Central Florida has long been a magnet for homebuyers and
investors from across the globe. Orlando, the region's second largest metropolitan area with a population of 250,000, is certainly no exception and the city is
steadily earning a reputation as one of the best locations in the USA in
which to buy an investment property.
Currently valued at around 60% of its pre-recession peak, Orlando's residential real estate sector has lagged some way behind the wider US housing market recovery. As of late 2015, the average American property has recouped more than 90% of its 2007 value. In some cities, such as San Francisco, they are around 50% higher.
Recent increases in Orlando home values
Property prices in Orlando have been rising steadily over recent months, mirroring a robust recovery in the local economy and employment market. Median list prices in the city rose by 8.7% during 2014, growing from $126,000 to $137,000. This is almost twice the rate of the wider US property market where prices rose by
4.7% over the same period.
Going back further, an average investor buying a house in Orlando at the bottom of the housing market crash in September 2011, would have paid $94,000. The same investor would have since seen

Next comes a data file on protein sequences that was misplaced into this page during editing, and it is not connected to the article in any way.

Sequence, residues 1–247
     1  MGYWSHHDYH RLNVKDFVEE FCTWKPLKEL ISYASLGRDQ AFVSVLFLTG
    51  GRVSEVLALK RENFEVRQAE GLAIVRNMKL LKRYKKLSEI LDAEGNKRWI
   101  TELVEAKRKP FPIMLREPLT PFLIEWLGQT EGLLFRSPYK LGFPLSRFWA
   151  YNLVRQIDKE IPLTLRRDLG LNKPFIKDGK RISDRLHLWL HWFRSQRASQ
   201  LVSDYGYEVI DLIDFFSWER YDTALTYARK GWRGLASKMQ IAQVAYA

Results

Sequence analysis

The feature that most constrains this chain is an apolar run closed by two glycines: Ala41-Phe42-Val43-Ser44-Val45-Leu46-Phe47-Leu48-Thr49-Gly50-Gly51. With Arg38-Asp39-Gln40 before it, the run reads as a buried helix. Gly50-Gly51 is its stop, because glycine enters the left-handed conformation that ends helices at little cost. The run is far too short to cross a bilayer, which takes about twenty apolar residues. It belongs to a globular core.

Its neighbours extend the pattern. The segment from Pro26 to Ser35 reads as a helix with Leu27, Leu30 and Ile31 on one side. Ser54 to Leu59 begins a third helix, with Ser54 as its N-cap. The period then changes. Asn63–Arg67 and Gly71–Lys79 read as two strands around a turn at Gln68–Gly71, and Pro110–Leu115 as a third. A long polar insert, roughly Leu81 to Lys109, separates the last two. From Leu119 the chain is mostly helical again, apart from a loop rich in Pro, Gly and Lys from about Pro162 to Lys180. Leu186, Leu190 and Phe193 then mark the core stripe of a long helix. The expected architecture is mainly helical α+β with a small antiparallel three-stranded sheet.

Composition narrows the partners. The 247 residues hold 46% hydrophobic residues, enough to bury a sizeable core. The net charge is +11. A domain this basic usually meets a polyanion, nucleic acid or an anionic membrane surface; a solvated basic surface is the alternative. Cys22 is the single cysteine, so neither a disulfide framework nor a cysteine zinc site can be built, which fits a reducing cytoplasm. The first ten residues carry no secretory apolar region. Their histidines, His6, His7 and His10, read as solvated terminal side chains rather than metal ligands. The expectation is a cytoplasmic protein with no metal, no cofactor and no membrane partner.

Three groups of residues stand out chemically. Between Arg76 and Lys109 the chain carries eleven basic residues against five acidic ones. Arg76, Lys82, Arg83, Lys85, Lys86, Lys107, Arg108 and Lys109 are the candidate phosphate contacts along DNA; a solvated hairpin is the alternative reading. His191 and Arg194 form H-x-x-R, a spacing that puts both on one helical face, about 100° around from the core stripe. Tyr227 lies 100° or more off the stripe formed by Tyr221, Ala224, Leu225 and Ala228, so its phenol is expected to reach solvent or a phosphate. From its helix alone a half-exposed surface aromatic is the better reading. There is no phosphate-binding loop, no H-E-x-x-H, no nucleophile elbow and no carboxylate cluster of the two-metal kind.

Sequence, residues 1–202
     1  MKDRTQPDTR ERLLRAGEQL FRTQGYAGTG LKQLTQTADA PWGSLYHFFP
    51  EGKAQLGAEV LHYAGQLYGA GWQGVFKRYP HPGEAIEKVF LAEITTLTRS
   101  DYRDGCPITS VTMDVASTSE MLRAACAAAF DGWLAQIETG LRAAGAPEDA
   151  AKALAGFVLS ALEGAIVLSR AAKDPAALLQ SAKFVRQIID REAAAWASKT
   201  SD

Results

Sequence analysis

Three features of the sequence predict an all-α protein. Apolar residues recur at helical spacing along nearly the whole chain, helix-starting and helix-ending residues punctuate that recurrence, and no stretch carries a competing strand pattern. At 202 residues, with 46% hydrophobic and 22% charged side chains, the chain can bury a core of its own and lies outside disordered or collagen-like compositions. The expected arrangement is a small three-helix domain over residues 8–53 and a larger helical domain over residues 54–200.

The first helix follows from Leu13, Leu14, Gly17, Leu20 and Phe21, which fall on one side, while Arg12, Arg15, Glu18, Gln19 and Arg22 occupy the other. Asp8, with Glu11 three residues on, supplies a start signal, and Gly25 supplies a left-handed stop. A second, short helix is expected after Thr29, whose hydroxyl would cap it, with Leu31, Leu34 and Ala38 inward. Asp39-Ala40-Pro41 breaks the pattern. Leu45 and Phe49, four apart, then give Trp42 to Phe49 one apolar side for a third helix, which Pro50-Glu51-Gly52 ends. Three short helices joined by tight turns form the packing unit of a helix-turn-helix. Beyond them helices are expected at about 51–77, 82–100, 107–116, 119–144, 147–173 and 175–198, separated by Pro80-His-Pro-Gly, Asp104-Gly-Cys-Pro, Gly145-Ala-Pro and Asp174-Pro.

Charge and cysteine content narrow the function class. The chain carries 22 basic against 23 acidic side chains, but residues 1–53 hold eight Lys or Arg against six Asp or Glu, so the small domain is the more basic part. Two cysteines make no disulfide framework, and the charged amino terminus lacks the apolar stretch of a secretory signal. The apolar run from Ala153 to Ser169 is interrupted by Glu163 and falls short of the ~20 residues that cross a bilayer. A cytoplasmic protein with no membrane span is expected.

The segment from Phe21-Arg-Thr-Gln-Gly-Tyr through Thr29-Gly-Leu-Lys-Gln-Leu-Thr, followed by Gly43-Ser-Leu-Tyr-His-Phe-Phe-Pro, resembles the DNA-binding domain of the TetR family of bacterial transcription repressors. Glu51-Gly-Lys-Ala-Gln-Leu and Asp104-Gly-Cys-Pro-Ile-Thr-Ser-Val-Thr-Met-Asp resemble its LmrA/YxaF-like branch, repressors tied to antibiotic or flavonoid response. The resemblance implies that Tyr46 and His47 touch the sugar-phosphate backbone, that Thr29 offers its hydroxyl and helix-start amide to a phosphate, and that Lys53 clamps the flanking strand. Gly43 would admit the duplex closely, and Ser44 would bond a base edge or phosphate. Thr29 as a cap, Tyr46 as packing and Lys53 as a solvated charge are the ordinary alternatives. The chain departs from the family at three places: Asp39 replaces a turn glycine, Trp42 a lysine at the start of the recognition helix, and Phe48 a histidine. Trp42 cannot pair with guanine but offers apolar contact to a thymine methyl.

their property appreciate by $47,000 in value, representing a compound annual
growth rate of 10.7% – an extremely impressive return by any standard.
While investors buying in Orlando today find themselves further along the curve, there is still considerable capacity for
future appreciation. Online property market portal Zillow.com forecasts property
prices in the city to rise by 3.4% on average during 2016. With the market still to recoup some 40% of its historical value,
there is likely to be further to go.
Capital growth prospects in cheaper Orlando neighbourhoods
Generally speaking, Orlando's cheaper neighbourhoods offer higher capital growth potential than more affluent parts of the city. Given the collapse of Florida's construction market as well as the loss in tourism-based services jobs, blue collar workers in Orlando were more impacted by the US economic downturn than they were in other parts of the country.
With employment spiking at 10% across the wider Orlando metropolitan area, low-income communities bore the brunt of the recession and foreclosures were an everyday occurrence in the city's poorer neighbourhoods.
The knock-on effect of multiple repossessions has left house prices in many of these communities significantly undervalued, though prices have been growing at a faster rate on average over recent months. The bottom tier of Orlando's housing market (homes in the $0-80,000 range) saw an average 5.2% price increase the 12 months to July 2015; this compares with an average growth of
2.1% among properties in the highest price tier.
Capital growth prospects in lower-prices areas should continue to outperform those in more affluent areas over the coming months as job creation continues to intensify across the lower end of the employment market. 2016 should bring further good news for Florida homeowners and investors alike.